Travelling Tales: 9/11 (New York, Day 3)

Today, of course, was 9/11, and a very interesting day to be in New York it was.

I started off fairly unhistorically, meeting Ellie for some absolutely amazing pancakes for brunch in the West Village (lemon pancakes with strawberries and maple syrup: amazing).

Ellie and I then went for a lovely walk down the riverside, dodging cyclists as we atoned for eating so many pancakes. In fact, I took Ellie to the Irish heritage hunger memorial that I visited with Carmel a couple of days ago, which was fun. I noticed something that I hadn’t before, which was that the names of Irish counties and cities were carved into the granite rocks they had scattered around the place. I took photos of a few (especially Clare, for my ma).

We then walked past the World Trade Centre site – or we intended to. The main road that we needed to cross in order to get there was, just as we got to it, the site of a massive, miles-long avalanche of motorcyclists, hundreds and hundreds of them pouring down the streets. I believe it’s a memorial ride in honour of those who died on 9/11, but there were definitely some tensions between them and a guy carrying a ‘build the mosque now’ placard.

There were a lot of demonstrations going on around Ground Zero today, which is why it was so interesting to be there. Not just commemorating the dead, but pro-war on terror and anti-war at all, ‘Grief should not be an excuse for bigotry’ pro-Islamic centre, ‘Jesus loves America’ which was ostensibly honouring the dead and those who gave up their lives, but spent a lot of time shouting about how Jesus made America great and made New York great and how He built America just for us so we should be grateful and love him, which I thought was a shame because it made it a bit contentious (Native Americans?) and sort of detracted from honouring those who died. Politics was everywhere today.

It made me wonder: who’ll be happy if this centre doesn’t go up? Who’ll be happy if it does? And what, if anything, does that say about them?

Here are a few photos of the different rallies:

These are the Christian demonstrators:

And these are the pro-Islamic centre people:

The funniest demonstration was a group of Marxists who were standing by the pro-Islamic centre crowd but criticising all the other demonstrations, saying that everybody else’s demonstrations were a sign of the evil of the capitalist system and how the power should be in… different hands. It was all very Doctor Horrible. I picked up their pamphlet, anyway, just to see what was in it (a lot of Trotsky. Seriously, there’s an ‘Honour Comrade Trotsky’ thing on the second page). Anyway, I thought it would be fun to unleash my Deconstruction Skillz on it, which I intend to do later on.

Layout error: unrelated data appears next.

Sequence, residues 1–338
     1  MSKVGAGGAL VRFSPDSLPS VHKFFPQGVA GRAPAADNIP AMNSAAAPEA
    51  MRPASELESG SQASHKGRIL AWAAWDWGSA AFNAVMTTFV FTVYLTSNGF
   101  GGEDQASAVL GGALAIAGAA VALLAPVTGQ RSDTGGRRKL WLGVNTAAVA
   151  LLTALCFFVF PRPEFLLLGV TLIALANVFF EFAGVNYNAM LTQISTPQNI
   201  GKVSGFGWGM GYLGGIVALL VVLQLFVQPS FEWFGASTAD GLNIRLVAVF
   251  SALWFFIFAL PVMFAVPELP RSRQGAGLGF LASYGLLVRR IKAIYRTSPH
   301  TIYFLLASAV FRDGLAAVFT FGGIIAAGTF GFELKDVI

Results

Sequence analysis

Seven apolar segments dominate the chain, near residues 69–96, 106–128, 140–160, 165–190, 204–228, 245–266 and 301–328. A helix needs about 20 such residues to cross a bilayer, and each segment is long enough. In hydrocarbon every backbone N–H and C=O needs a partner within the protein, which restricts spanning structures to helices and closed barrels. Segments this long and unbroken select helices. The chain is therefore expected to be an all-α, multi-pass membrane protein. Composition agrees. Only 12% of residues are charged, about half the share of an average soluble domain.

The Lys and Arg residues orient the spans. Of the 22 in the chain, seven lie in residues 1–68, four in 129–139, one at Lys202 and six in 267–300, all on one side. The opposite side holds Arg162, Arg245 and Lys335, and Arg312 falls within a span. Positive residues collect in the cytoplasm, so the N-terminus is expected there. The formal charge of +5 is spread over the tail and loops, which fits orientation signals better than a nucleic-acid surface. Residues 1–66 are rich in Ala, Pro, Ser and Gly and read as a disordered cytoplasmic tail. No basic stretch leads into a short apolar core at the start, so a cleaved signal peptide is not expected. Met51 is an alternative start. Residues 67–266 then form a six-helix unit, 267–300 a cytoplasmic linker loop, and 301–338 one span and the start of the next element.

Anyway, after our encounter with the conspiratorial communists, Ellie and I went to that bastion of Americana, Starbucks, and had tea. We then walked up through various districts of New York, via some japes in jewellery shops trying on lots of bling, through Soho and along the edge of Chinatown, and then we went up to Times Square and broadway (because I’m a really terrible tourist, I’ve only seen the Statue of Liberty from a distance and I’ve been to no other famous NY landmarks). So I took some shiny neon pictures and a nice shot of the Empire State building:

And then we spotted Mickey Mouse on his way home from the office:

And then I came back to New Jersey and went out to dinner with Carmel, her sister Rita, and some of their high school friends who are still in the area, which was a lovely evening. Her sister Rita lived with a couple of the friends for a few years when they were younger, I think, which sounds like it was a pretty lively household. It was a great night, though (and the food was amazing, especially a hand-made spicy guacamole dip that was just incredible).

Wow. Today’s post has been pretty long, but it merited it. It’s getting late now, and I have to get to bed! My legs aren’t so happy with me for making them walk so far today, but hey, I fuelled them with pancakes, so I’m not sure why they’re complaining.

Tomorrow, alas, is my last full day in New York/New Jersey. I’ve had a wonderful time here, and it’s been great to spend time with Carmel and catch up with Ellie. I’m not sure what we have planned for tomorrow, but I’m sure it’ll be amazing fun – though maybe not quite so exciting as guessing at the demonstration that’s going on around the next corner and having a man confess to you that he’s a Trotskyist while he’s trying to talk to you about the underlying problems of the system.

‘One Born Every Minute’: bodies, birth and a bit about the Bible